Cannes Lions Advertising Own Goal

As any long-time reader of this blog will be aware, I'm no great fan of the awards schemes that have attached themselves like parasites to the ad business. Mostly I choose to ignore them completely, life is much simpler, and nicer that way.

But it's hard to ignore this, because it's a full-page ad in the most prominent ad industry magazine. What on earth were Cannes Lions thinking when they approved and ran this ad?

The lame, poorly stereotyped depiction of creatives does them no favours. But worse, what made them think it was appropriate to make a joke about making creatives redundant? I wonder if any of the people involved in the creation, making or approval of this has ever been around a company that is making redundancies? If you have, you'll know that it's a deeply unpleasant experience. And while it's true that some people say redundancy is the best thing that happened to me, for many it's upsetting and stressful and leaves them in a difficult position.

One of the great modern problems of advertising as an industry is its seemingly insatiable appetite for taking on hopeful young creatives on very low salaries, giving them little training, and encouraging them to work themselves into the ground before spitting them out the other end jobless.

This is a quite unpleasant ad, moronic and misguided – it makes Cannes Lions appear to be shameless money-grubbers who don't really give a shit about advertising or the people who work in it. Whether that's true, you can decide for yourself. Exhibit A...


  1. Completely agree.

    Plus: what point is the ad actually trying to make? And what are they trying to get you to do?

    Also: isn't it mocking its own awards? It says "you" (whoever it means by 'you') voted these people the team to watch, and now it turns out they're shit.


    1. thats what i thought whats the point of this ad?! are we meant to feel sorry for them and buy them tickets so confused

  2. Well, if this ad doesn't make you want to go to Cannes Lions, I don't know what would.

  3. It's so wrong/bad on so many levels. Here are a few of them:

    1. It perpetuates the bad cycle of CDs not training creatives properly, telling them to "just send them to Cannes and let others mentor them for me".

    2. It stereotypes creatives in a condescending way.

    3. No one likes being reminded of a decision that didn't work out, over and over again.

    4. How is sacking a team more expensive than sending them to Cannes and keeping them on for another year? On an earlier version of this I saw floating around it said "cheaper than severance", which makes slightly more sense. However I have no idea how much it costs to send two people to Cannes and pay for the flight, hotel, and food.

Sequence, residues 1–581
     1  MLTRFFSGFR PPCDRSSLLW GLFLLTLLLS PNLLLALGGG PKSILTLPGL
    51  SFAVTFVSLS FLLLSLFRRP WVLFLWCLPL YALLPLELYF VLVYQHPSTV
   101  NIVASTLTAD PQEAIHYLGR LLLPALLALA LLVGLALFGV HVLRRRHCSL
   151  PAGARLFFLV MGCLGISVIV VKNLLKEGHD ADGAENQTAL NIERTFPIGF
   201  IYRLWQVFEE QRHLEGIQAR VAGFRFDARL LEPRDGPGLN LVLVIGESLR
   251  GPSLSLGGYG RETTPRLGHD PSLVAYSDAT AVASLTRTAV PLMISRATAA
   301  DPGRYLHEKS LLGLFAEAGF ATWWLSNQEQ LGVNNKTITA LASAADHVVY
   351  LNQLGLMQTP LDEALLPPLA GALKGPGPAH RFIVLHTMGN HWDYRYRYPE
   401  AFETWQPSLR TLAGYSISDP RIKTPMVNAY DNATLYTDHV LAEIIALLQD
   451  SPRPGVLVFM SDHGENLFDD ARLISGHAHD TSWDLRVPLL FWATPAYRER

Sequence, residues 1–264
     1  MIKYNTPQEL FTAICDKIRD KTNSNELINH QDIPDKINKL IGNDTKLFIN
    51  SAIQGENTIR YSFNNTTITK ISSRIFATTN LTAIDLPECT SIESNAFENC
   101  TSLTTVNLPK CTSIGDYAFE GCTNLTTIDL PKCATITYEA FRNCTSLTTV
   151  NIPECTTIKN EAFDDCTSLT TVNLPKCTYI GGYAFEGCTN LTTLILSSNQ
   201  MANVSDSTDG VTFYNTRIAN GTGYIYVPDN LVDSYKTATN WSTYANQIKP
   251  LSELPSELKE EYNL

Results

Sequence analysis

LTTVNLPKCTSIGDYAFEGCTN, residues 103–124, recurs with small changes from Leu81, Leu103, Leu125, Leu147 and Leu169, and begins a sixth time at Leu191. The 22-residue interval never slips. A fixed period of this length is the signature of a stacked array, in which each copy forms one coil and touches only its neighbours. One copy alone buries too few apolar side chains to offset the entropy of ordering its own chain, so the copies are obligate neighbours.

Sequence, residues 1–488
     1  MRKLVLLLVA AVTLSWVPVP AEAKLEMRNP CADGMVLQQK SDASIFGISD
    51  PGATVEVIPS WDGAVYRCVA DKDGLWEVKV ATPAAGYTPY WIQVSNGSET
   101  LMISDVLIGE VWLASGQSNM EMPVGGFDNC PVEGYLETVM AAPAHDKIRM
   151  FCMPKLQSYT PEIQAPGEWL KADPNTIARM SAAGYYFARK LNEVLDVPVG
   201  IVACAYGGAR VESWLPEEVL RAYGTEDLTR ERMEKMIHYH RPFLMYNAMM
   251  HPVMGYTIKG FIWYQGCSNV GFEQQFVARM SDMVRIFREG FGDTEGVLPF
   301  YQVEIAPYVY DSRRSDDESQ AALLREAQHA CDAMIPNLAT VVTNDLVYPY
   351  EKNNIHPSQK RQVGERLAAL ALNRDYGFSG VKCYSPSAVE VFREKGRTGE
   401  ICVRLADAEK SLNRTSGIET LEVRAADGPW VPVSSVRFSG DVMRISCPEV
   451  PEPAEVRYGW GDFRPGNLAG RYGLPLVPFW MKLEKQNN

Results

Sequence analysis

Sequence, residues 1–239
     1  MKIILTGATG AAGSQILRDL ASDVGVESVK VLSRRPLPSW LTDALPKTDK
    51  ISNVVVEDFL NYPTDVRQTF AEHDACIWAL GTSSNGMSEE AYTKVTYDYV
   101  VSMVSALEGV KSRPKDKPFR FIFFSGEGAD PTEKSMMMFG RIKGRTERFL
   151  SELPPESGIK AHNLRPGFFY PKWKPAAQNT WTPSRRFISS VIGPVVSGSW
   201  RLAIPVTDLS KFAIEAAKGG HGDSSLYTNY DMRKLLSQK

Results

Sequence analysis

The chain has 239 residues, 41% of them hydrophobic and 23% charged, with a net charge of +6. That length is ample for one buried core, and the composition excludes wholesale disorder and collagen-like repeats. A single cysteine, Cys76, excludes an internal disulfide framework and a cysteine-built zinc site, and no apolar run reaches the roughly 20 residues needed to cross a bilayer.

5. At some point in their career, this team did something to get on your radar (and be "the team to watch") but have failed to live up to the expectation afterwards. Surely they can't be THAT bad then? Imagine being the creatives who made Old Spice, Volvo Epic Split, Honda Cogs, Surfer etc... It'll be VERY hard to raise the bar yet again after those.

    6. Any creative worth his/her salt has a look at the Cannes winners online (which is even cheaper than a delegate pass). Even I do, although I agree that awards are utterly worthless. Why? Because it's my job to know what's out there. Much like I read every D&AD annual, from the very first issue to the current one.

    7. It's badly art directed. The photo of the creatives is redundant (!) and I've got trouble reading the white copy which is partly on a yellow/white background. The slant doesn't help either and feels gimmicky.

    Did I miss something?

  4. I think the business problem here is pretty obvious: sell more passes.
    how? motivate agencies to send not only their star teams (and old farts).
    why? cause the non-star teams might learn something and bring you more awards (and - uffff! - business...).
    so far so good, I don't have much problems with this. it's pretty reasonable (regardless of being stretched on non-star teams bringing more awards). Cannes is money-making machine so it's logical to be more greedy.

    but the idea, the thinking, the execution... all wrong.

    it actually strenghtens the perception of Cannes being arrogant, selfcentered, egomaniacal, out-of-touch pissparade.

  5. I see so many teams like these.

  6. Thanks for talking about this Sell Sell. As a young creative that's been made redundant at one of the so-called nicer independent agencies, I too found this ad more spiteful than insightful.


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